I will forever remember the date of Wednesday March 6, 2013 as the devastating day that turned my life upside down.
It started about 18 months ago when I realized that my daughter was way more clumsy than she ought to be. She would literally fall over thin air. She also starting having night terrors every single night. And during the day she would just lie on the ground moaning. I finally called my pediatrician and told him something was off. He sent us to a sleep specialist to get a sleep study. She was then diagnosed with sleep apnea. I was satisfied with the answer and went about my life.
A month later around Halloween 2012 she became extremely terrified of heights and refused to do the stairs. Her clumsiness increased as well. She ended up falling down our deck stairs all the way to the cement because she couldn't do the stairs. I again became suspicious that something was off. But I again blew off the feeling.
Thanksgiving quickly approached and I thought I started to notice her left eye crossing in. It wouldn't cross all the time and it was not a drastic cross so I thought my mind was playing tricks on me. I ignored it and went on with my life.
Come New Years Eve her left eye was crossing dramatically. I also noticed that her right eye was crossing now too. I procrastinated calling my pediatrician because we had no insurance. My husband was laid off in November so our insurance was void.
By February we were able to get on medicaid for the children. I was finally able to call me pediatrician and made an appointment. At our appointment he decided that we needed an appointment with the opthamologist for her eyes and he wanted to do a base MRI scan of her brain. He even said he didn't think it was a brain tumor but maybe there was something that would tell us why she was so clumsy and was now having problems with her eyes.
We went to the opthamologist the last week of February and found out that she has completely dropped sight from her left eye and that she needed glasses. The following week is the most devastating week of my life.
The morning on March 6, 2013 we came to Primary Children's for Brylee's MRI. It was only supposed to be a 30 minute MRI. After an hour passed a doctor came a got me and my husband from the waiting room and said he needed to talk to us. He took us into a conference room where they had a picture of her MRI on the wall with a big projector. Dr. Carol Bruggers was sitting at the table. Cory and I sat down and she said that they had devastating news for us. She then informed us that Brylee had an infiltrating brain stem glioma, a brain tumor also known as a DIPG. She said that since it is so interwoven into her brain stem it is inoperable. I started bawling and don't remember anything else that was said. It is one of the most devastating feelings I've ever had in my life. I finally calmed down enough to ask Dr. Bruggers how much time was daughter had or if it was fixable. She wouldn't tell me a time frame but kept emphasizing that a few of her patients with this particular tumor are still alive. I once again asked how long my sweet little 2 year old had. Dr. Bruggers then said that the pattern for this brain tumor is once it is diagnosed and the patient starts radiation and chemotherapy the tumor shrinks and goes into remission for about 6-9 months. Once the tumor starts growing the second time it doesn't respond to treatment and the patient passes away within a few months. So from diagnosis to death is about 1 year. I started crying all over again. The doctors left to go finish Brylee's MRI. They took another hour and a half to scan her entire body to make sure there wasn't anymore cancer anywhere.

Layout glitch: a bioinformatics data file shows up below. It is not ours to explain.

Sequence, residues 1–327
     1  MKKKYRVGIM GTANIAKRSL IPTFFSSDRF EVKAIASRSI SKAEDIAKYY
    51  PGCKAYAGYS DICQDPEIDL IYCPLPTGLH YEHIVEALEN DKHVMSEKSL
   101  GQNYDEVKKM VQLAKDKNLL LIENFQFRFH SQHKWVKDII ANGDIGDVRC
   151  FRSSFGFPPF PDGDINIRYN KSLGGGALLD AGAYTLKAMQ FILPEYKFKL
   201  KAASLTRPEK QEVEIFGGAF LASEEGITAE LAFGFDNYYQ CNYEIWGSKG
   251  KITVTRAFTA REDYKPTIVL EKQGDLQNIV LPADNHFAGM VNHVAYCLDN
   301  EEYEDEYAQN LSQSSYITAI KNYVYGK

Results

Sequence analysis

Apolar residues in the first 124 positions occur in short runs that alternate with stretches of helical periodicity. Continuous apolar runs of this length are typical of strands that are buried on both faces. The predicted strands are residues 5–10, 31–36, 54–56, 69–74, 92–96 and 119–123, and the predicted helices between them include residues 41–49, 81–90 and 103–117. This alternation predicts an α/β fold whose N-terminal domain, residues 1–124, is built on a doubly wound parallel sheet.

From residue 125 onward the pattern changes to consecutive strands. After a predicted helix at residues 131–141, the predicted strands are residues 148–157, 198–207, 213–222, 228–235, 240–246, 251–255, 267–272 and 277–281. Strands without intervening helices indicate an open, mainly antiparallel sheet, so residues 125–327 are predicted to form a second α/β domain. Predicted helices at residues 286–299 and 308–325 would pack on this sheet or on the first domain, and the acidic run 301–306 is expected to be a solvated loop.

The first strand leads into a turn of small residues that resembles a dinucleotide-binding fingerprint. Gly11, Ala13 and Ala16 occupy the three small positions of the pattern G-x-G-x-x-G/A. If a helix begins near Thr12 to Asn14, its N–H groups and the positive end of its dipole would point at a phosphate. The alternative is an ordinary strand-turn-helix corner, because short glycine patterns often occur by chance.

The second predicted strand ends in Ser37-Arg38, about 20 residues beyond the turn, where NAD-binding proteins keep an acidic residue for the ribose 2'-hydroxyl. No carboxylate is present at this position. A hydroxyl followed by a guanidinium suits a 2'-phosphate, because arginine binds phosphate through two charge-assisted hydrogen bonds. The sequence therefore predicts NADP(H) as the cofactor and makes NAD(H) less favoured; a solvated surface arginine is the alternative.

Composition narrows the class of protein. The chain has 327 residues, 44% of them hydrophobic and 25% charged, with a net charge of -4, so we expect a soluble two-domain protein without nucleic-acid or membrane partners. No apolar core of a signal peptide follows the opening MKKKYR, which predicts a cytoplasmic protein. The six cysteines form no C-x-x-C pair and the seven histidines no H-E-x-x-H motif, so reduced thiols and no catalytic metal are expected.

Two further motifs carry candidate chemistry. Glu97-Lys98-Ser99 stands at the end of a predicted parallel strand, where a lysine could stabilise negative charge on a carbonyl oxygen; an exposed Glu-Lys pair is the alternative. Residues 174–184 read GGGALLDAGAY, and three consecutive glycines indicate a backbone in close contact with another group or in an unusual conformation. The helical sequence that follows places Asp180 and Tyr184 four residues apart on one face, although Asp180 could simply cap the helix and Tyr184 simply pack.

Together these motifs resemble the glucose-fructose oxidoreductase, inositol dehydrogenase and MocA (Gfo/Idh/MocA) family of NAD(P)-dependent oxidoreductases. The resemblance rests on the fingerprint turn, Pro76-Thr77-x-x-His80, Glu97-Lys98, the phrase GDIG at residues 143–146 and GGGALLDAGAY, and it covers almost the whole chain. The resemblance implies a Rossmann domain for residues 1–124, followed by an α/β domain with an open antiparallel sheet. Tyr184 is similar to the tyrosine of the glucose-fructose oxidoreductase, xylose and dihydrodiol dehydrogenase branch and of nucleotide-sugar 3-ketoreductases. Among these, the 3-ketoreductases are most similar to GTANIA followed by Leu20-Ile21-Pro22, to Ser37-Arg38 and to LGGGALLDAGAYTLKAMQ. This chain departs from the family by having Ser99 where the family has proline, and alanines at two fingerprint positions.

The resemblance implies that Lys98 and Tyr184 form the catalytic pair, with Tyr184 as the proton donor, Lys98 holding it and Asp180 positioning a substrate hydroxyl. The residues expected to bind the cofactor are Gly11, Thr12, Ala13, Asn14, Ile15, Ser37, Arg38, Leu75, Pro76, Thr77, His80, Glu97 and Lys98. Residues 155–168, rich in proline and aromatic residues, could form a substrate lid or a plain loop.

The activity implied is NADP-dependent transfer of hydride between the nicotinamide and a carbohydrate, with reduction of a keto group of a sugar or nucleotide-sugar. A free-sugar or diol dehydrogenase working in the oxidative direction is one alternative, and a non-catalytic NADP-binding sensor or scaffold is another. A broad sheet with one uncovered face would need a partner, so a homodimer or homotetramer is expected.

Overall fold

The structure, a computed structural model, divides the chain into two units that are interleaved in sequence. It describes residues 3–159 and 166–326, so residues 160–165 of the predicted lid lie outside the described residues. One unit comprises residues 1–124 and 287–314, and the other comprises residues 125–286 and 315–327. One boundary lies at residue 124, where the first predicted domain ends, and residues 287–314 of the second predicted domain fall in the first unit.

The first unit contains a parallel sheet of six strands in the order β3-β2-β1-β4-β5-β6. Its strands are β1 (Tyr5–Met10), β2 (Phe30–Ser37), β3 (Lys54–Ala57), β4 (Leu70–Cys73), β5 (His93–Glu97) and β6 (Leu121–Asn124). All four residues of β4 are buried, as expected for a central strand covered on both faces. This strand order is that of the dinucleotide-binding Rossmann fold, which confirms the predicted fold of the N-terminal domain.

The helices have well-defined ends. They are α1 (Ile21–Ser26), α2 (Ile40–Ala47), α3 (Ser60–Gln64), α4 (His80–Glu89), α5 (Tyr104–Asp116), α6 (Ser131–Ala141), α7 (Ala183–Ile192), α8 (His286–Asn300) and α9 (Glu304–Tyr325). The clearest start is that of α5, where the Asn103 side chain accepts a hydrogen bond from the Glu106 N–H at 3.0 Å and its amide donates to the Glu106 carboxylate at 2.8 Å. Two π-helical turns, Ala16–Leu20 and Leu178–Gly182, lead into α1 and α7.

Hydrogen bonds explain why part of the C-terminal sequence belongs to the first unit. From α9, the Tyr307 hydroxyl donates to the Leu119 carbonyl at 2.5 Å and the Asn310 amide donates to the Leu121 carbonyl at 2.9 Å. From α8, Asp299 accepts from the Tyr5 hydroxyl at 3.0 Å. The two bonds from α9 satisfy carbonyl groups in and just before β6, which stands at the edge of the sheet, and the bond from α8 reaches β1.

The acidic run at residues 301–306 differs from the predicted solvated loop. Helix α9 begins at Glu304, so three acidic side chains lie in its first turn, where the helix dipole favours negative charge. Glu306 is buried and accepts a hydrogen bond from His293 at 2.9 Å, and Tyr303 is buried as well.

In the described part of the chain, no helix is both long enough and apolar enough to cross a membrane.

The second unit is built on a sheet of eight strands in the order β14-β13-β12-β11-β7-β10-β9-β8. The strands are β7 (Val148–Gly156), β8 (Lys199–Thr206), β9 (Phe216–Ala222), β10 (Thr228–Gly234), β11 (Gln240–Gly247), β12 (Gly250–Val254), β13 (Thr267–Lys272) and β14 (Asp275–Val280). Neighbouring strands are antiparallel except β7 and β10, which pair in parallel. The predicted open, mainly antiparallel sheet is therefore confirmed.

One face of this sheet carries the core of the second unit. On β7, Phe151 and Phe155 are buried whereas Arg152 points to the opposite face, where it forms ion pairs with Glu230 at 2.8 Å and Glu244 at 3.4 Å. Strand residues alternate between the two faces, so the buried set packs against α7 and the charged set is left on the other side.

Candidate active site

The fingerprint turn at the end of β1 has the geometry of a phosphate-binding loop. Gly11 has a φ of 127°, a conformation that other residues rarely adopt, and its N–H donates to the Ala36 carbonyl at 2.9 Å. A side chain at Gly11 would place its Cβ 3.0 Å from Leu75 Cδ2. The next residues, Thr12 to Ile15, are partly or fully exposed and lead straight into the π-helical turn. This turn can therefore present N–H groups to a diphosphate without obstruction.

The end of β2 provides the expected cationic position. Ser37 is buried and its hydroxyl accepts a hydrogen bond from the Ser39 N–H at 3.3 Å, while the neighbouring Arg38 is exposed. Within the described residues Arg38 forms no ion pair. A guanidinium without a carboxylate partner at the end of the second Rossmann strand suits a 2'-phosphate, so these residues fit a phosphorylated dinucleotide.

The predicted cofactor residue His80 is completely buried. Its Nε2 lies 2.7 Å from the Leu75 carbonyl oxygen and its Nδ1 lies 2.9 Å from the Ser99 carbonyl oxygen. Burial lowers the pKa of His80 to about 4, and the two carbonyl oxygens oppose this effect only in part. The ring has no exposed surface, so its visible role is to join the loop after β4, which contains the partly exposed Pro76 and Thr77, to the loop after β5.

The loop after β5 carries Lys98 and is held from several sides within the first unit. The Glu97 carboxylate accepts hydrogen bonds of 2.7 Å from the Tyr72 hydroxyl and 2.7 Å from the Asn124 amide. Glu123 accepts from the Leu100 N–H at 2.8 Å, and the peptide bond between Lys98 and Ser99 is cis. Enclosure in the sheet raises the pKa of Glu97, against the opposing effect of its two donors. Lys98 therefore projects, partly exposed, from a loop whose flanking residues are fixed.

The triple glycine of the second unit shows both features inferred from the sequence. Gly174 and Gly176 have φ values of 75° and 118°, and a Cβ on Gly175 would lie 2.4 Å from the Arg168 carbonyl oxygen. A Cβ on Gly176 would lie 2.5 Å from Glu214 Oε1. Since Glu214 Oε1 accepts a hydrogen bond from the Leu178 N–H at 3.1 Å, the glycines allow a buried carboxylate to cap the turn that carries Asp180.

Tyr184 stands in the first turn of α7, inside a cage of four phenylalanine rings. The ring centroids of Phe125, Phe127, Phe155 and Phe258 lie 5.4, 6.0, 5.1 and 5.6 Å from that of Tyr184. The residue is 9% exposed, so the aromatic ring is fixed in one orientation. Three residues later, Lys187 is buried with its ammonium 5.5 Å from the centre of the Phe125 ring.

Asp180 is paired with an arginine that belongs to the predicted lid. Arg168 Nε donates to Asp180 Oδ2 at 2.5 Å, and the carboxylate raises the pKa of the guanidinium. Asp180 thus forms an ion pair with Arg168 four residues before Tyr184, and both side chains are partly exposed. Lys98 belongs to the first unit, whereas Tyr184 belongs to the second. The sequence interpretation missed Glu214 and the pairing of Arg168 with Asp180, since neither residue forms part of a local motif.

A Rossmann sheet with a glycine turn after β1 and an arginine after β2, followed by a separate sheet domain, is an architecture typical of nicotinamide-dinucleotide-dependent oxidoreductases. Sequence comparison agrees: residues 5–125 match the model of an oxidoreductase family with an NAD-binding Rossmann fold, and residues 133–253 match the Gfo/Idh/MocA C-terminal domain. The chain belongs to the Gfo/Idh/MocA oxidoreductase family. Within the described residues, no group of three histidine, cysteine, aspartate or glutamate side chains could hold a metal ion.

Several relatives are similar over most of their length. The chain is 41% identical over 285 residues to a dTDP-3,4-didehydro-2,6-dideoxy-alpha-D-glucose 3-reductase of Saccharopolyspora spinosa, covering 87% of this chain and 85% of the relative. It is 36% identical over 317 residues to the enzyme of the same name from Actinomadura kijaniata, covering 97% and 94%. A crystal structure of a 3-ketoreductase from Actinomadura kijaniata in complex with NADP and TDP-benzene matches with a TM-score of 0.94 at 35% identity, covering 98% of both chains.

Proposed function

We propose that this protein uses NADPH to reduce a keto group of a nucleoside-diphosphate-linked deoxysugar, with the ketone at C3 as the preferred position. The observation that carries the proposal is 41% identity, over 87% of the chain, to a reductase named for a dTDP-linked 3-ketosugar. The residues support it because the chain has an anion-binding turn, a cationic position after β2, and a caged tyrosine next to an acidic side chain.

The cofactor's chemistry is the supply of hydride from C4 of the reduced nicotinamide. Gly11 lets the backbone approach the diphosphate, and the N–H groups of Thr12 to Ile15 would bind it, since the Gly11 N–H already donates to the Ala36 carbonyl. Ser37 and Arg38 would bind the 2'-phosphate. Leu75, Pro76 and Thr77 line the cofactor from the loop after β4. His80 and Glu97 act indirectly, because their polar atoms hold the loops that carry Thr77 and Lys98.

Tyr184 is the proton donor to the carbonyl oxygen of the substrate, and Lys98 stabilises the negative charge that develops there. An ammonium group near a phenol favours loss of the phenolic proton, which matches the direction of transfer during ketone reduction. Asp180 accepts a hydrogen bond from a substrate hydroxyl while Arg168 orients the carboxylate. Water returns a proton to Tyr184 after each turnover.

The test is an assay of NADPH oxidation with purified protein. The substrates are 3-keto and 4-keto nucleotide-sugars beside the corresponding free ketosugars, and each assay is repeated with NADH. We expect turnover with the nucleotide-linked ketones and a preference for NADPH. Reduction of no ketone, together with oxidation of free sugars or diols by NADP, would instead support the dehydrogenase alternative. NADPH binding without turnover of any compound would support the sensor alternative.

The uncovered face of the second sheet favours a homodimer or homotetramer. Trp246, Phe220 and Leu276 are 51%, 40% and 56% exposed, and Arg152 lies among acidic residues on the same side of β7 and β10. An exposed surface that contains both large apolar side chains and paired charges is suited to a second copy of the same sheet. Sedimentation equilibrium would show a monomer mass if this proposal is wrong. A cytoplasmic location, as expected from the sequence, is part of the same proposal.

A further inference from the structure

After the MRI it was a whirlwind of doctors and getting us admitted into Primary Children's hospital. They didn't even let us go home. When she woke up from the MRI they had her put on a feeding tube because the tumor has caused her swallow reflex to go away. She also needed to be put on oxygen because she was having a hard time breathing. Thursday morning she officially failed her swallow test. Thursday night they did surgery on her to place a port in her chest, a permanent IV, that accesses a vein in her neck. She was still on oxygen all day on Thursday. Thursday they also took xrays of her chest because she was having weird breathing sounds. Friday morning they took more xrays of her chest and we had our first radiation treatment. She again was on oxygen all day Friday. She started to reflux on her feeding tube so they had to advance it into her small intestine. They did this by strapping her to a board and taking several series of xrays of her stomach while they were threading the cord into her. Saturday she had her 2nd radiation treatment. The hospital did a viral test and found out all her breathing issues were due to the fact that she has RSV. She was still on oxygen but had a pretty lazy day. Sunday we did another round of radiation and were able to get off the oxygen. Monday brought more radiation and had to start oxygen again. She was actually awake most of Monday playing with play dough. Monday night brought on a bought of roid rage due to a steroid they have her on. My arms are very bloody and scratched because every time I got near her she freaked out. Tuesday, today, she had more radiation and more oxygen.
This has been a trial and a blessing so far. I have learned about so many people that love my daughter and my family. We are so blessed to have so many amazing people in our lives. Thank you for all the prayers and love. We need a miracle!